3. That due to such receipt of jewelries, the accused delivered to the complainant PCIB Vigan Branch Check No. 001247A covering the amount of P401,000.00 dated November 15, 1994 and Check No. 001248A in the amount of P401,000.00 dated December 15, 1994;
  4. That the two (2) checks were delivered by the accused to the complaining witness on October 15, 1994 at Laoag City;
  5. That the two (2) checks aforestated were presented for payment but dishonored.
IN CRIM. CASE NO. 8741-13
  1. That on November 15, 1994, the accused received jewelries from the complaining witness at Laoag City;
  2. That due to such receipt of jewelries, the accused delivered two (2) postdated checks, PCIB Vigan Branch Check No. 001226A dated December 30, 1994 covering the amount of P250,000.00 and Check No. 001227A dated December 15, 1994 in the amount of P668,000.00;
  3. That the above-mentioned checks were presented for payment with the drawee bank on their respective due dates;
  4. That said checks were dishonored by the drawee bank on the ground that the signature of the drawer differs from the signature on file. (Emphasis and underscoring supplied)
IN CRIM. CASE NO. 8742-13
  1. That on November 2, 1994, the accused received jewelries from the complaining witness at Laoag City;
  2. That due to the receipt of the jewelries, the accused delivered three (3) postdated checks to the complainant PCIB Vigan Branch Check No. 001231A dated February 20, 1995 in the amount of P318,000.00; Check No. 001232A dated December 25, 1994 in the amount of P779,000.00 and Check No. 001233A in the amount of P1,093,000.00 dated January 15, 1995;
  3. That the said three (3) checks aforementioned were presented for payment but dishonored because the signature[s] differ from the signature on file. (Emphasis and underscoring supplied)
IN CRIM. CASE NO. 8743-13
  1. That the accused on December 15, 1994 received jewelries from the complaining witness at Laoag City;

  2. That out of the receipt of the jewelries by the accused from the complaining witness, the accused delivered two (2) postdated checks, PCIB Vigan Branch Check No. 001222A dated March 31, 1995 in the amount of P400,000.0 and Check No. 001260A dated March 15, 1995 in the amount of P458,000.00;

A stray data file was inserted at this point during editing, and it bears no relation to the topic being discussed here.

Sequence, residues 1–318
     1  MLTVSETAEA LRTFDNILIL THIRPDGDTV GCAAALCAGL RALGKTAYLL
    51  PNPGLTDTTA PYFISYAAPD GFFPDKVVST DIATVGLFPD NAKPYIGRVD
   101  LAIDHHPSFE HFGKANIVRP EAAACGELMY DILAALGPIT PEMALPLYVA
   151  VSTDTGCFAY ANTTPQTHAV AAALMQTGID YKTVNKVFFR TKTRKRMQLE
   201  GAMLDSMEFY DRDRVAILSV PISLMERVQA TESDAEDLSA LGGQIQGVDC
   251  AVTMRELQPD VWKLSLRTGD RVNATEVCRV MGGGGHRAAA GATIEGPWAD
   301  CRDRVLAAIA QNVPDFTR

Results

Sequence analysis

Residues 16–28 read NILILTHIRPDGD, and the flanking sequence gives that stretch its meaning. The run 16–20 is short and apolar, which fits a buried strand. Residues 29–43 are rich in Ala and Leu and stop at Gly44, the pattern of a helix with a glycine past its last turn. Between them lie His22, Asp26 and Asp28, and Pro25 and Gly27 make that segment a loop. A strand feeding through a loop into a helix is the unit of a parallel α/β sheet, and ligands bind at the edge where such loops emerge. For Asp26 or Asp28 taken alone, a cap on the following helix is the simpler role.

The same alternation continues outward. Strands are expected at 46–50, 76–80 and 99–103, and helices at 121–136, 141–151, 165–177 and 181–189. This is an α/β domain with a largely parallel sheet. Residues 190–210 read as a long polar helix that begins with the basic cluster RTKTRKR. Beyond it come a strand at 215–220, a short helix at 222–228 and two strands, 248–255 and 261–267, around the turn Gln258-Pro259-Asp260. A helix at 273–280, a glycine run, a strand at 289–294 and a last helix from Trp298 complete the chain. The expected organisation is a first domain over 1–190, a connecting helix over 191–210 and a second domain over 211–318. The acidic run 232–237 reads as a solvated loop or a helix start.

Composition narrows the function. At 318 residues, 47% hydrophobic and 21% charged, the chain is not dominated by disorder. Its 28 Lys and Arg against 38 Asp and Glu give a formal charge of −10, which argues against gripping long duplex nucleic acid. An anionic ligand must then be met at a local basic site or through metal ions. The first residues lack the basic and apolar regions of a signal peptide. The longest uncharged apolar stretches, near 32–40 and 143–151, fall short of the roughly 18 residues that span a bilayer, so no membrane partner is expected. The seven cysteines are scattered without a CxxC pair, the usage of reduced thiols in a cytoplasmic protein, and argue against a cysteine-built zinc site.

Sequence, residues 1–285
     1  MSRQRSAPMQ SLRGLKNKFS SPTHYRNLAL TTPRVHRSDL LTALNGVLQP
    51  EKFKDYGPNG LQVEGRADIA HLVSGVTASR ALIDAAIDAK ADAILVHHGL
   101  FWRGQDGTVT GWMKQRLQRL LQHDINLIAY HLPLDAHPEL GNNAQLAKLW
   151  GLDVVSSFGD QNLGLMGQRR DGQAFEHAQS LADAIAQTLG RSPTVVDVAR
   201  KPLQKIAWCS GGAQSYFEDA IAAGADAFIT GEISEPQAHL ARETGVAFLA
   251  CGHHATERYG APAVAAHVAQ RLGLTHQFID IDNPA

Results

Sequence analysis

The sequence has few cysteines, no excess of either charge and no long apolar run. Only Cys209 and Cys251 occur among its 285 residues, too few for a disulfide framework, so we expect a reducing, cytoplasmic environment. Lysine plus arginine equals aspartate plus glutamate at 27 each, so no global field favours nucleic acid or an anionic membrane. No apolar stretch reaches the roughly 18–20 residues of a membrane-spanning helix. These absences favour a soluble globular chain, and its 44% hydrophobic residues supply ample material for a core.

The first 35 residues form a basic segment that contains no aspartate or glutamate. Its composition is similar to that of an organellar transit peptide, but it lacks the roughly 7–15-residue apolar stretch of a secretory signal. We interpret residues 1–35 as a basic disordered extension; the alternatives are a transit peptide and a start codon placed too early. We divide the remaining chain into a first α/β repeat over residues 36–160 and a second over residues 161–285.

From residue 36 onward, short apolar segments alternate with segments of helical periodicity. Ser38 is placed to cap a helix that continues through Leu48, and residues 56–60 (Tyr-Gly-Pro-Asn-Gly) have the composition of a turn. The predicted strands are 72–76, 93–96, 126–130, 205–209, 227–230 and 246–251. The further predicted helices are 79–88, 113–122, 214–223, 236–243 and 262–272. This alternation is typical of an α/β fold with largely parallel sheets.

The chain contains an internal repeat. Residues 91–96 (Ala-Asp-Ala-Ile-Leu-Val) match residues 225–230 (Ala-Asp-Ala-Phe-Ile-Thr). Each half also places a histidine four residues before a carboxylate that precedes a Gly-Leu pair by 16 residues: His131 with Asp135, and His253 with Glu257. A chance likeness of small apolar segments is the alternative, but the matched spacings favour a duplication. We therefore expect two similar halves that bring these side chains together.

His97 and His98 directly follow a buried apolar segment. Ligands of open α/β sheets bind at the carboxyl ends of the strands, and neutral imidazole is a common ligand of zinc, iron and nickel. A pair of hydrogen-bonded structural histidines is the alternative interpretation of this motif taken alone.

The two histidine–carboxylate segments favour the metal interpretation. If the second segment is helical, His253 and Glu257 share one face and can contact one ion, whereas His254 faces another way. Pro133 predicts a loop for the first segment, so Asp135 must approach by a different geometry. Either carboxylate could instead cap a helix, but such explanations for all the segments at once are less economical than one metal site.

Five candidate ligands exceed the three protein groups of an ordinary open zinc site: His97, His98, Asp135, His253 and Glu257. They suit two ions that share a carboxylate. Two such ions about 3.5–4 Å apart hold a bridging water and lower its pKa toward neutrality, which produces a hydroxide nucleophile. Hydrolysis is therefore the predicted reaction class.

3. That said Check No. 001222A when presented for payment was dishonored because the signature on file is different from the signature on the check;
  4. That Check No. 001260A in the amount of P458,000.00 was delivered to the complainant with the signature of the accused, the same being signed by her on the same date of the delivery of the jewelries.[6] (Emphasis and underscoring supplied)
Culled from the evidence for the prosecution is its following version:[7]

Nenit (erroneously spelled as "Nenette" in the Informations), who does business under the name Bombom Jewelries, buys pieces of jewelry from pawnshops for resale. In 1991, in the course of her business operation, she was introduced to appellant to whom she had since been selling gold. Their usual practice was to weigh the gold and agree on the price, after which appellant would issue checks covering the value thereof.

Nenit and appellant's transactions were regular until October 15, 1994 when appellant issued Check No. 001247A for P401,000 and Check No. 001248A for the same amount[8] covering payment of gold, which checks were dishonored. Nenit informed appellant of the dishonor, but she denied owing anything to her.

On November 2, 1994, appellant again issued three checks drawn against PCIB Vigan Branch representing payment of gold: Check No. 001231A for P318,000, Check No. 001232A for P779,000, and Check No. 001233A for P1,093,000.[9] Again the checks were dishonored.

Still again on November 15, 1994, appellant issued two postdated checks drawn against PCIB Vigan Branch representing payment of gold purchased from Nenit: Check No. 001226A for P250,000 and Check No. 01227A for P668,000.[10] Still again the checks were dishonored.

Finally, on December 15, 1994, appellant issued to Nenit two postdated checks, both drawn against PCIB Vigan Branch: Check No. 001222A for P400,000, and Check No. 001260A for P458,000 representing payment of gold[11] Like the previous checks, these two were dishonored.

Nenit demanded the settlement of the dishonored checks, but appellant maintained not having any obligations to her.

In defense,[12] appellant claimed that, except for Check No. 1260A, one of the two checks subject of the fourth case, Crim. Case No. 8743-13, all the checks subject of the cases were unsigned as they were issued as a "secondary collateral."

Explaining the circumstances under which the checks were issued, appellant stated that whenever Nenit entrusted to her jewelry for resale, she was required to and did sign receipts and did issue the unsigned checks; that failing to resell the jewelry, she would return them and ask Nenit to return to her the receipts she signed and the unsigned checks, but Nenit would merely claim that she would tear them; and that with respect to Check No. 1260A, for P458,000, she having sold the jewelry covered thereby, she affixed her signature thereon, but she did not cause the check to be honored because she and Nenit agreed to offset the amount thereof against the amount which Nenit and her son owed her for jewelry they had borrowed from her. [13]

Appellant thus claimed that the signatures attributed to her on all the checks, except Check No. 1260A for P458,000, were forged, in support of which she presented National Bureau of Investigation (NBI) Senior Documents Examiner Adela Cruz-Demantillo (Adela) who examined the signatures on the questioned checks and concluded that the signature on Check No. 1260A and those on other checks were not made by one and the same person.[14]